Taking a Cue From Bochy: Experts Point Out What Business Can Learn From Baseball

Posted by Graniterock on Mar 18, 2015

In the Tuesday, October 30,2012 issue of the San Francisco Chronicle newspaper, Net Worth reporter Kathleen Pender takes a look at the world class management style of Bruce Bochy of the San Francisco Giants:

What can managers in business learn from San Francisco Giants manager Bruce Bochy, who led two very different teams to World Series championships in three years? I asked a variety of management professors, consultants and managers themselves that question. Their answers focused on his communication skills, humility, confidence and ability to manage away from a superstar mentality. Here's what they had to say: 

Chester Spell, an associate professor of management at San Jose State University, says Bochy epitomizes what management consultant Jim Collins calls a "level-five leader," someone who can transform a company from good to great through a "paradoxical combination of personal humility plus professional will." 

In a Harvard Business Review article, Collins says a level-five leader demonstrates compelling modesty, shuns public adulation and is never boastful. He acts with quiet, calm determination and relies on inspired standards, not inspiring charisma, to motivate. He looks in the mirror to apportion responsibility for poor results and looks out the window - to other people, external factors and good luck - to apportion credit for the company's success. He also "demonstrates an unwavering resolve to do whatever must be done to produce the best long-term results, no matter how difficult."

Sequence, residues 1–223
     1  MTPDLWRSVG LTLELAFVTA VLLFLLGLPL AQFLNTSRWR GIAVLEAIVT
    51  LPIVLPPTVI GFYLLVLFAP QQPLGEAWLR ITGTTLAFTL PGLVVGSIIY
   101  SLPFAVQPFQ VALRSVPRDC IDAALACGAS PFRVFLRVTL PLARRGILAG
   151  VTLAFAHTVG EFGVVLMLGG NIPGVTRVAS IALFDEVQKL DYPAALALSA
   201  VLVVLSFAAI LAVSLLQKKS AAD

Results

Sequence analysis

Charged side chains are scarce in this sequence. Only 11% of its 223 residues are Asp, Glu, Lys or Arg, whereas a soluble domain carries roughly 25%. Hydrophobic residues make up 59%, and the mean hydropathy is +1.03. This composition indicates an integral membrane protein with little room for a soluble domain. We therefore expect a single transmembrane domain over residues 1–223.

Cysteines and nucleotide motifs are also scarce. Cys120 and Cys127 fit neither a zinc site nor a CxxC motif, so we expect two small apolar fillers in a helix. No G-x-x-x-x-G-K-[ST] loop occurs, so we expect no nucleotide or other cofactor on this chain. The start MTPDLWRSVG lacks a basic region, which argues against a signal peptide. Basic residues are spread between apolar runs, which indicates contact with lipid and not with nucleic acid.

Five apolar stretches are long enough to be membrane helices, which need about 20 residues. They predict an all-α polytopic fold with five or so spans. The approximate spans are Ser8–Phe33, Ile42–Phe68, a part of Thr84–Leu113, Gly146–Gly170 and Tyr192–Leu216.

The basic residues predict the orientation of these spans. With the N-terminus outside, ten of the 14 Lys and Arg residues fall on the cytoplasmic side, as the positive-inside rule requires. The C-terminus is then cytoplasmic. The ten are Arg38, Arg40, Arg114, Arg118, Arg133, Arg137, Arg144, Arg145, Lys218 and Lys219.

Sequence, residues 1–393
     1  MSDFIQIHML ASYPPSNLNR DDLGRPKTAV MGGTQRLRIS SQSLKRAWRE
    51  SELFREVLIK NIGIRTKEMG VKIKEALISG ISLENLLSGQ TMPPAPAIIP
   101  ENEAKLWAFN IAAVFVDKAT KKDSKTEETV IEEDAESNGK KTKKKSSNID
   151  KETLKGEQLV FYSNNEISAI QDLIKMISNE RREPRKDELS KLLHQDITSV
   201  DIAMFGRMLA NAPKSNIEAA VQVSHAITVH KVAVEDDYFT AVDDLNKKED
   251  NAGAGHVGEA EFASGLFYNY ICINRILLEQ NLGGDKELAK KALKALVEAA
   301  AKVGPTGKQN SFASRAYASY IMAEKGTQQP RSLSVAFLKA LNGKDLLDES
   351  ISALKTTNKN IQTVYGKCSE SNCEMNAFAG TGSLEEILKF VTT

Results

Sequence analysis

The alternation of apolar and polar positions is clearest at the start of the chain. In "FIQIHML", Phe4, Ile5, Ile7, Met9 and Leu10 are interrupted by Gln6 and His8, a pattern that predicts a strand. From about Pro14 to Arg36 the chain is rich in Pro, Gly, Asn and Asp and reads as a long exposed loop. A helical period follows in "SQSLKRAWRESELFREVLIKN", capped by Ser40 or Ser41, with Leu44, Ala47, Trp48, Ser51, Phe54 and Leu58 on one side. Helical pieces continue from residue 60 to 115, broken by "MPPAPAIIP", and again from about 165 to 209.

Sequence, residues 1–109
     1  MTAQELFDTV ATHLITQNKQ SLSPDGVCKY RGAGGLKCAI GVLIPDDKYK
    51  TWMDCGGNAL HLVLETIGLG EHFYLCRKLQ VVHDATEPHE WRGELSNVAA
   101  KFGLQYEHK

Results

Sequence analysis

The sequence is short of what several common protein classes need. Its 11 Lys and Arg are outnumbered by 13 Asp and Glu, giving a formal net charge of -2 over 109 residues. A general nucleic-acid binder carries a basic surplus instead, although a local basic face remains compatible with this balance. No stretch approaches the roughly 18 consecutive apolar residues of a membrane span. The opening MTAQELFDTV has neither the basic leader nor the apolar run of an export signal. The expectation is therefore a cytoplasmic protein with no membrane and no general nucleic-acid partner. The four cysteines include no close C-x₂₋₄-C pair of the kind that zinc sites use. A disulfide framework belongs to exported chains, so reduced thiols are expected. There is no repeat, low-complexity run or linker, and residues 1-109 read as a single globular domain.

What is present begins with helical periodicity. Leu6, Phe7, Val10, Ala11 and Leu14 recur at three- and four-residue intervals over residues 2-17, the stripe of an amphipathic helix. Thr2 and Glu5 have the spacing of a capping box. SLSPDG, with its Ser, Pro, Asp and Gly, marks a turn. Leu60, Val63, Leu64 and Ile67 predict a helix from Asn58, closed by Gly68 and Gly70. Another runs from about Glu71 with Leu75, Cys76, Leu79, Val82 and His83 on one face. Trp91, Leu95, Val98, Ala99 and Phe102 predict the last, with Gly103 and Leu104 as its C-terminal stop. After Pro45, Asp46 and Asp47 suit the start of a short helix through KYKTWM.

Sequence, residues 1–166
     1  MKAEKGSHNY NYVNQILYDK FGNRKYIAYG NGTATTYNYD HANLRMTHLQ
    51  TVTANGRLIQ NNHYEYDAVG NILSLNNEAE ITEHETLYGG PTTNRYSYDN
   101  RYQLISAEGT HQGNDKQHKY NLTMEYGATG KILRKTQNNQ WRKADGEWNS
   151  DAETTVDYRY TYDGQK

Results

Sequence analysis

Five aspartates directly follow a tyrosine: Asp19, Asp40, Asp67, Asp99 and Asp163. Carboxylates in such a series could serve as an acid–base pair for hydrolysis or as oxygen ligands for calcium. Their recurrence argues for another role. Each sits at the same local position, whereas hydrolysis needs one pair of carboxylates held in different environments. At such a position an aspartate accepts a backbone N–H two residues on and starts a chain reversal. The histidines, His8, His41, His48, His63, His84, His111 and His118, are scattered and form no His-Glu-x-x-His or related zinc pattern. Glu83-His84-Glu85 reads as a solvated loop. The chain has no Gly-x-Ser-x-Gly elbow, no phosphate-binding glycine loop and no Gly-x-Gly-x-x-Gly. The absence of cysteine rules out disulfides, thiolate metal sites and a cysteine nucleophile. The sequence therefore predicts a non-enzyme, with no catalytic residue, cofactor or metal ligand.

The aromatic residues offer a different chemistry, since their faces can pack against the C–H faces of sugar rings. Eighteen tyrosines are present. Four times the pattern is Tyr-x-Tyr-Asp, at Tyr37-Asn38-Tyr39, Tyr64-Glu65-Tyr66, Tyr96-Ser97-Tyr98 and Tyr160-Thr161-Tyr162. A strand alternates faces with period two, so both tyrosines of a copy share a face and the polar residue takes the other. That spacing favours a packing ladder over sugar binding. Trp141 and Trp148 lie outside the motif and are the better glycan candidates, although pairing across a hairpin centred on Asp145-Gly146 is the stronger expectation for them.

Spell, who has studied demographic diversity in baseball, says the most successful team managers are also able to "dampen or handle any harmful effects of having a lot of differences between players on a team." This includes differences in race, national origin and age. "Diversity is a good thing, but it's a complicated thing," Spell says. Bochy's team this year included five players from Venezuela, three from the Dominican Republic and two from Puerto Rico, and ranged in age from 22 to 39.

When you have such diversity, in baseball or business, "divisions are very apparent. Some call then fault lines," and they can do more harm than most people realize. "A good manager can actually manage these divisions and focus on what brings them together and help them work as a unit," Spell says.

To read more, please go to http://www.sfgate.com/business/networth/article/What-business-can-learn-from-Bruce-Bochy-3991592.php

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